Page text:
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So,… There’s a dampness to the air now, not as rich in oxygen, not as energising, and the light of a morning is limping to catch up with the days whose demands of course remain the same as always, regardless of the season. This is Autumn in the already dystopic closing years of the second decade, of the twenty first century.

I take a breath, long and deep, arms rising from my sides to form an arch above my head, legs tense, then relax. Breathe out,…

What?

My arms sink in front of me, as if compressing air, feeling for its springiness with the imagination, and as the body relaxes, there’s a rush to the brain, a moment of light-headedness, a tingle in the shoulders, the forearms, the palms. Don’t panic: it’s blood, and nerve energy, and “stuff”, and beyond this vague rationalisation, I try not to give it much thought.

Qigong is like the I Ching: you sleep better when, as Carl Jung said, you do not bother yourself, with how it works.

Repeat. Four times.

All right,  traditionally it’s eight.

Eight is a lucky number in Chinese, deep stuff, rising from mythology, from numerology. I don’t understand it, but I respect it’s contribution to the global zeitgeist, to which I admit not everyone may be attuned. Anyway, at the weekends, when time’s abundant, sure, it’s eight, but on a workaday morning at seven a.m. we’re conscious the traffic’s already backing up exponentially with respect to time, that the seconds later we are in joining it, the tens of minutes longer we spend sitting in it. Therefore, we make concessions. Four repeats. Obsession is, after all, the mother of pointlessness, while compromise is the father of mutual understanding. (No sexism implied)

Where were we?

Gathering energy from the heavens.

Okay., so,… it’s a flowery term, but then the Chinese, both ancient and modern, are like that. They are admirably fond of their flowery aphorisms. They called their first space station Tiangong – the Heavenly Palace – and why not? It’s due to burn up and crash to earth any time now, by the way. Unhelpful tangent Others, equally well named are planned.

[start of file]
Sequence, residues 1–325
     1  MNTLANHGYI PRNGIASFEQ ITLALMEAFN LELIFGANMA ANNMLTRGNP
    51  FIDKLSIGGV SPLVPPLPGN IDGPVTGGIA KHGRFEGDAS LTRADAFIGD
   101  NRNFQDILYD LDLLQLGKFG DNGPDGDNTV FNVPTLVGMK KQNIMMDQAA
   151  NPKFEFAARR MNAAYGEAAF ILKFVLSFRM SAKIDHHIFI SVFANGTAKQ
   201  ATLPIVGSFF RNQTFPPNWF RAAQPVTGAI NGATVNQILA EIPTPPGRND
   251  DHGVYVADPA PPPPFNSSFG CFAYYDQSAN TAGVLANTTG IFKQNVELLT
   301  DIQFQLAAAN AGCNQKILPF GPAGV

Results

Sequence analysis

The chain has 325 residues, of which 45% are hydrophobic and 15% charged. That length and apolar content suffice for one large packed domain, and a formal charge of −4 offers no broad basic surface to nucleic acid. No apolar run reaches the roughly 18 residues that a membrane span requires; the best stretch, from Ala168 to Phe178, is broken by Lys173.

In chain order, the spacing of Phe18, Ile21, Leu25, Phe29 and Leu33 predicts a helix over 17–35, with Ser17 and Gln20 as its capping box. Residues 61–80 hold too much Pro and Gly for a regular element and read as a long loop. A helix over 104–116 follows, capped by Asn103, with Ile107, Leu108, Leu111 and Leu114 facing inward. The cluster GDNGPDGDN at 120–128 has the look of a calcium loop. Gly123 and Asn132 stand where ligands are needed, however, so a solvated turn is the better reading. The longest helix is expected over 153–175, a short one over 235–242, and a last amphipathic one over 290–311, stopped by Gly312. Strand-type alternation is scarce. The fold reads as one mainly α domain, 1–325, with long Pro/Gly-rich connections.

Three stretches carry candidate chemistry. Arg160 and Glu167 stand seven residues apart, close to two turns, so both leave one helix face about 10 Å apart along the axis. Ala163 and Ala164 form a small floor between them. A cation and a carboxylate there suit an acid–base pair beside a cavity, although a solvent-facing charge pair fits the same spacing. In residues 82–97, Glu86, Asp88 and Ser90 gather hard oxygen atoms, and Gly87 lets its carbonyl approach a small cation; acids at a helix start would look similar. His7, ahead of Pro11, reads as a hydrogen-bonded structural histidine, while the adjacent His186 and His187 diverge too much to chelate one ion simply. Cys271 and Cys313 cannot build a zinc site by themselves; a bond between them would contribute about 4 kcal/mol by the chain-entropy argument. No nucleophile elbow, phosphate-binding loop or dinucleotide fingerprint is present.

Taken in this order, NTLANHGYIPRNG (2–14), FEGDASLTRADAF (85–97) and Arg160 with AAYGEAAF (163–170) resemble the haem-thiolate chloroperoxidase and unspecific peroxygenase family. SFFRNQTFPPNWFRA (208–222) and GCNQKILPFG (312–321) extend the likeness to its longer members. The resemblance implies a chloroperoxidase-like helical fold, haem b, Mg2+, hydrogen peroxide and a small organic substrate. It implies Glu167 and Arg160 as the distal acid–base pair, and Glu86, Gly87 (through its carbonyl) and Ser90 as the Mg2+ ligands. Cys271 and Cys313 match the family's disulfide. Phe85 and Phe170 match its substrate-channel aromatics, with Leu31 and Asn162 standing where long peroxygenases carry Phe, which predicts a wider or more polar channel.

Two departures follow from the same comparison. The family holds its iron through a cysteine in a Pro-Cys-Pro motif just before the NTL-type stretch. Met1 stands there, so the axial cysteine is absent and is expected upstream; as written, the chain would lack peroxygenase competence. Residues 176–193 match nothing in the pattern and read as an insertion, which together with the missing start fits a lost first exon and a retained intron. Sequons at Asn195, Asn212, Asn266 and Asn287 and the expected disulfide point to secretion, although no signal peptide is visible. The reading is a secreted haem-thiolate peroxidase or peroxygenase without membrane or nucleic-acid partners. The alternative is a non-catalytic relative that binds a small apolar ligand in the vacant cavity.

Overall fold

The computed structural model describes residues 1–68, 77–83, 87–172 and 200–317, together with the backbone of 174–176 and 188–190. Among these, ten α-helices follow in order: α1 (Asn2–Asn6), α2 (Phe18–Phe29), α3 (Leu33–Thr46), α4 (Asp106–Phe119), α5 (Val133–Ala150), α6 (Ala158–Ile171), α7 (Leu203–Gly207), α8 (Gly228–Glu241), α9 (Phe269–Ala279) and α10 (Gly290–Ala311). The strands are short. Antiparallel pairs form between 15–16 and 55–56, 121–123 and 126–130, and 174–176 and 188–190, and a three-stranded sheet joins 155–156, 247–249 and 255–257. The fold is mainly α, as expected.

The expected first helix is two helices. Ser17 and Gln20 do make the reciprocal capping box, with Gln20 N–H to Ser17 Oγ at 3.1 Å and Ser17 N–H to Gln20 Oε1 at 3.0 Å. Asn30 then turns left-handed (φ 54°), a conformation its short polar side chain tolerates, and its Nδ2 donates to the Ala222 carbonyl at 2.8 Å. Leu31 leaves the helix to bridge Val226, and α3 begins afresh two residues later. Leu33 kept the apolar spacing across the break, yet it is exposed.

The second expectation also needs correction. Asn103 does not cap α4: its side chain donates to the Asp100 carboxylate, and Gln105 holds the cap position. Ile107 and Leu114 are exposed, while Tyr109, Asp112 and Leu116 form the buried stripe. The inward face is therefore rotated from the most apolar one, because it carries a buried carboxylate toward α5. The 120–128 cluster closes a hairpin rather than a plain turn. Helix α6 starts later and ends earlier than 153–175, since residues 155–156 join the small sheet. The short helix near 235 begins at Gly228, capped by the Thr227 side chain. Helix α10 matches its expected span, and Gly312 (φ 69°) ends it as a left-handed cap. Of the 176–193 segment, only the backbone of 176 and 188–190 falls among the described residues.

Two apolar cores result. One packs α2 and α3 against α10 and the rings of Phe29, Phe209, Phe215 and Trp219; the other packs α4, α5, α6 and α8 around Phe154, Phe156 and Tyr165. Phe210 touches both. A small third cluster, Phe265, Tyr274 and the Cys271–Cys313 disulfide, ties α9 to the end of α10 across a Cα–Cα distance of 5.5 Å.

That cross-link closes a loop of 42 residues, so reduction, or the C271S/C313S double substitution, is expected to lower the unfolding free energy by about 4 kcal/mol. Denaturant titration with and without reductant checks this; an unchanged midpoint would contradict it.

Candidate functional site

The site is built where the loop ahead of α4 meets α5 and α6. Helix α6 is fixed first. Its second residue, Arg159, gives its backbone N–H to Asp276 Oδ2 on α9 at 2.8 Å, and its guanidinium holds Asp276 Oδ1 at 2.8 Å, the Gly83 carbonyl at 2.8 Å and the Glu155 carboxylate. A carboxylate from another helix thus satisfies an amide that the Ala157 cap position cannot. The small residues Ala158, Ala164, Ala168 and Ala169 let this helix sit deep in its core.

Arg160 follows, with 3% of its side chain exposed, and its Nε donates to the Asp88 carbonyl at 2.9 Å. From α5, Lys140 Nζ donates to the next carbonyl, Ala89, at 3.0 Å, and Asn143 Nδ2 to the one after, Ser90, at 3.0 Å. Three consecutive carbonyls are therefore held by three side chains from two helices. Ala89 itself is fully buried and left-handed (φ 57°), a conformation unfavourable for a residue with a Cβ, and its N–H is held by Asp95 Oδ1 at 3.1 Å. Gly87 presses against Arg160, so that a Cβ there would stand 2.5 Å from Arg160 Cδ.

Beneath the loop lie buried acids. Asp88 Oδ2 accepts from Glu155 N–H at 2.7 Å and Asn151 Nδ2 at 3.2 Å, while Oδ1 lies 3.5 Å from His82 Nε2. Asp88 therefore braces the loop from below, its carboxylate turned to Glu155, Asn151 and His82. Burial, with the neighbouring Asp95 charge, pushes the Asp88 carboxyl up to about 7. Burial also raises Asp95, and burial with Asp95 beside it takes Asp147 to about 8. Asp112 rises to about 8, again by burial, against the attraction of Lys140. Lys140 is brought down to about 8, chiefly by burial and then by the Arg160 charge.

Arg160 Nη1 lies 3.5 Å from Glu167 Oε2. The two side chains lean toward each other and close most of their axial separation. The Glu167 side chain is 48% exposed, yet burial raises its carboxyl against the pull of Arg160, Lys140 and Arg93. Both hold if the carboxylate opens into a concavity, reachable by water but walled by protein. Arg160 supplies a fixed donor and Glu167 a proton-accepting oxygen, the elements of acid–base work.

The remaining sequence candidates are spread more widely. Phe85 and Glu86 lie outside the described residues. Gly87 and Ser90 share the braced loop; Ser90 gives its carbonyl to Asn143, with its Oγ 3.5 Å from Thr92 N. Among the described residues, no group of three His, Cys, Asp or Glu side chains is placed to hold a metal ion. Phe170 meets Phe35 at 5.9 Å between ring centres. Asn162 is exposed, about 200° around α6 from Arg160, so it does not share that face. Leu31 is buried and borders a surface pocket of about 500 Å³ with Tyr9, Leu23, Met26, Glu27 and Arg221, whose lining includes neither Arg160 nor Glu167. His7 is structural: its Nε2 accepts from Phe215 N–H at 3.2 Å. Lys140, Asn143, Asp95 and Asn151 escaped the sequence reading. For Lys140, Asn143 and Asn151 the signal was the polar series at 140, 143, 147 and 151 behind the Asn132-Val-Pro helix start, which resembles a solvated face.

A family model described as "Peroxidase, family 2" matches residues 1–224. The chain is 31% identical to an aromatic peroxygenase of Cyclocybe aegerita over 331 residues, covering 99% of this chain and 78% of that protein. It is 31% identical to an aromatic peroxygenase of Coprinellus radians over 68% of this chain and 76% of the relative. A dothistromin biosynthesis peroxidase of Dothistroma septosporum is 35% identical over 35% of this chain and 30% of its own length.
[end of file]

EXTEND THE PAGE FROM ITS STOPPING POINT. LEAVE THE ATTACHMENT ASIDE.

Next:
Sorry, where we again?

Heavenly energy?

Right, it’s an opening move to most of the traditional Shaolin Qigong forms I know – or rather knew. I’ve had a long break from this stuff, distracted by the harder aspects of Kung Fu. What’s that? Where to begin? It’s how to dislocate an arm, a finger, break the calivical bone, where the critically debilitating pressure points are, what strike to use for best effect  – Panda or Phoenix Eye – how to release energy with a blow to make it really sting, how to parry, how to handle a sword. How to kill stone dead, and without compromise, or Marquess of Queensbury rules and all that.

Hmm,…

I don’t know how I got into all of that because it’s not my scene at all. It was younger sons, I suppose, for whom Chen style Tai Chi (my first love) was not macho enough. And I enjoyed their company, enjoyed watching them grow and connect with an eclectic miscellany of men, all pretending to be Ninjas, and from there make their own paths.

Don’t get me wrong, the stretching effect of ritual Kung Fu forms upon the body are a tonic, they keep you young and limber, and I am in awe of the Kung Fu greats, but in the end the rigours were becoming too much for a maturing frame, and even in the soft sparring of my little fight club, I was beginning to fear injury.

So, I’m starting from the beginning again, with foundation Qigong forms – breathing, rhythm, visualisation. It’s different for everyone this stuff, and no one can explain how it works. You get the traditionalists all tangled up in their esotericisms and the puzzled rationalists who do it because it feels good – but look blank at the meridian diagrams. And then there are those like me who fell into the esoteric, once, nearly drowned in its nonsense, but are coming back to a point where they can at least tread water.

Qigong isn’t something you can just do, say for an hour a week at a class. That’s where you learn the basics, sure, but it has to be established as part of a daily routine as well, a ritual part of your life. It cured my tinnitus, a decade ago, but the tinnitus is creeping back as the energy fades into late middle age, and the practice has fallen away. So I’m picking up the discipline again, and as I do, the tinnitus fades once more. I’m getting older, but there’s still much to do, much life to be lived, and I have an inkling the secret is simply to keep it moving. Use it or lose it, mate.

I’m coming up to my sixties. But that’s nothing. I’m assured by those who have gone before me there are still rich decades ahead.

Qigong.

It looks weird, but I’ve been here before, and people no longer take the piss when I’m doing it in my PJ’s in the kitchen while the kettle boils. What’s more I no longer care if they do because I find I have more confidence in it, and in myself when I’m doing it than I once did, which is progress of a sort. What does it do? It clears a space in your head, restores calm, extends one’s magnanimity far out into the tempestuousness of the day. If you’re up against a killer like Twister, it gives you a chance. If Twister is your day, it gets you through.

Noon.

It gets me to about noon before the stresses start caving me in, but what the stresses cannot do is take away the core insight that protects the soul, and Ip Man is the protector of my soul – at least when my Kung Fu is strong.